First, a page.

Children's application of simultaneous and successive processing in inductive and deductive reasoning problems : implications for developing scientific reasoning skills

Watters, James J. & English, Lyn D. (1995) Children's application of simultaneous and successive processing in inductive and deductive reasoning problems : implications for developing scientific reasoning skills. Journal of Research in Science Teaching, 32(7), pp. 699-714.

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The research reported in this paper was undertaken to obtain a better understanding of problem solving and scientific reasoning in 10-year-old children. The study involved measuring children's competence at syllogistic reasoning and in solving a series of problems requiring inductive reasoning. Children were also categorized on the basis of levels of simultaneous and successive synthesis. Simultaneous and successive synthesis represent two dimensions of information processing identified by Luria in a program of neuro-psychological research. Simultaneous synthesis involves integration of information in a holistic or spatial fashion whereas successive synthesis involves processing information sequentially with temporal links between stimuli. Analysis of the data generated in the study indicated that syllogistic reasoning and inductive reasoning were significantly correlated with both simultaneous and successive synthesis. However, the strongest correlation was found between simultaneous synthesis and inductive reasoning. These findings provide a basis for understanding the roles of spatial and verbal-logical ability as defined by Luria's neuropsychological theory in scientific problem solving. The results also highlight the need for teachers to provide experiences which are compatible with individual students' information processing styles.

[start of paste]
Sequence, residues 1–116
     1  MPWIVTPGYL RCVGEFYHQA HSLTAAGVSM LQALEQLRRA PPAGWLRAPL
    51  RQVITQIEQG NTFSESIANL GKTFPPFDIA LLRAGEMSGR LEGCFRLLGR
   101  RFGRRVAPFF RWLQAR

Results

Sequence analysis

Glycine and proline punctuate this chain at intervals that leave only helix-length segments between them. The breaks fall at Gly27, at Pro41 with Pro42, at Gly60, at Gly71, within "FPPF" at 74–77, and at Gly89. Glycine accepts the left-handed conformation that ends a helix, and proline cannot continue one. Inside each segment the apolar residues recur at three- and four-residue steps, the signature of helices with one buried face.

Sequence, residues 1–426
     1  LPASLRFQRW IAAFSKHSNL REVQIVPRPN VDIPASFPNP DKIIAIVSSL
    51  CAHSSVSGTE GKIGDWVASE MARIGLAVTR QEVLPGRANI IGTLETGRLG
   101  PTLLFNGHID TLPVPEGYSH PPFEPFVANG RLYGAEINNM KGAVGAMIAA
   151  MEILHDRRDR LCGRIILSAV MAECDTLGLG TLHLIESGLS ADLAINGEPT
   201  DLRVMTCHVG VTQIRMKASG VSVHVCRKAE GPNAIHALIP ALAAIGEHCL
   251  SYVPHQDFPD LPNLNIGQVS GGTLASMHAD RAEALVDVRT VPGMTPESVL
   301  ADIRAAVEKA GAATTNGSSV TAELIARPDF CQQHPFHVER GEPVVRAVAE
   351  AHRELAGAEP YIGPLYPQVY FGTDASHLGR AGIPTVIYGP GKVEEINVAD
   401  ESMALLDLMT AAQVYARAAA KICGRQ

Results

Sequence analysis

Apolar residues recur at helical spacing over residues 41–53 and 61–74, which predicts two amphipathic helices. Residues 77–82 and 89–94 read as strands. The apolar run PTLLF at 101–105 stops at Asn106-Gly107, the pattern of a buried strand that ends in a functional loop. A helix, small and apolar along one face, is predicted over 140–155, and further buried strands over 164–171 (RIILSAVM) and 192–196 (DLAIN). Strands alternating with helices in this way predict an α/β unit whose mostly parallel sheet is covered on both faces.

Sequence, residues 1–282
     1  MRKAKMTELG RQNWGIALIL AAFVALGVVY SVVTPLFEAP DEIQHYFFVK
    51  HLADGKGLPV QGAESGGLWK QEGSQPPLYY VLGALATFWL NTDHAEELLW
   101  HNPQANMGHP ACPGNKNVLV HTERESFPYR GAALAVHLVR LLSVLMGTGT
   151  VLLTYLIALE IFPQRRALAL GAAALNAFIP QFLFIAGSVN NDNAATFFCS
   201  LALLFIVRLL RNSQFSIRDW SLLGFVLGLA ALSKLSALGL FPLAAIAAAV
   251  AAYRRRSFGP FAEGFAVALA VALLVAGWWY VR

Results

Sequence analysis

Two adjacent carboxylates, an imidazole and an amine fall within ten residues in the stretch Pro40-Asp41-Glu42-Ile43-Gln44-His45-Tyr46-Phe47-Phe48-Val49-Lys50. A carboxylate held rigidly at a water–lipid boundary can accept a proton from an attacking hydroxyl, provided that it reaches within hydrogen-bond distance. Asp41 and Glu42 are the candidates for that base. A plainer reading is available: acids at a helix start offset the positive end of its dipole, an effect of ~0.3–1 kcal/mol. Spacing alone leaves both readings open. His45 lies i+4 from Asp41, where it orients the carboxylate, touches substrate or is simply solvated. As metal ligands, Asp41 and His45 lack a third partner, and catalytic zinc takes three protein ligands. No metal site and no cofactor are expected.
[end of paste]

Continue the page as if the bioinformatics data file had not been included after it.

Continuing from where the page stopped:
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1 citations in Scopus
9 citations in Web of Science®
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ID Code: 1766
Item Type: Journal Article
Refereed: Yes
Keywords: science education, reasoning, Luria, spatial ability
DOI: 10.1002/tea.3660320705
ISSN: 0022-4308
Subjects: Australian and New Zealand Standard Research Classification > EDUCATION (130000)
Divisions: Current > QUT Faculties and Divisions > Faculty of Education
Copyright Owner: Copyright 1995 John Wiley & Sons
Copyright Statement: The definite version is available on publication at
Deposited On: 04 Jul 2005 00:00
Last Modified: 25 Mar 2013 08:07

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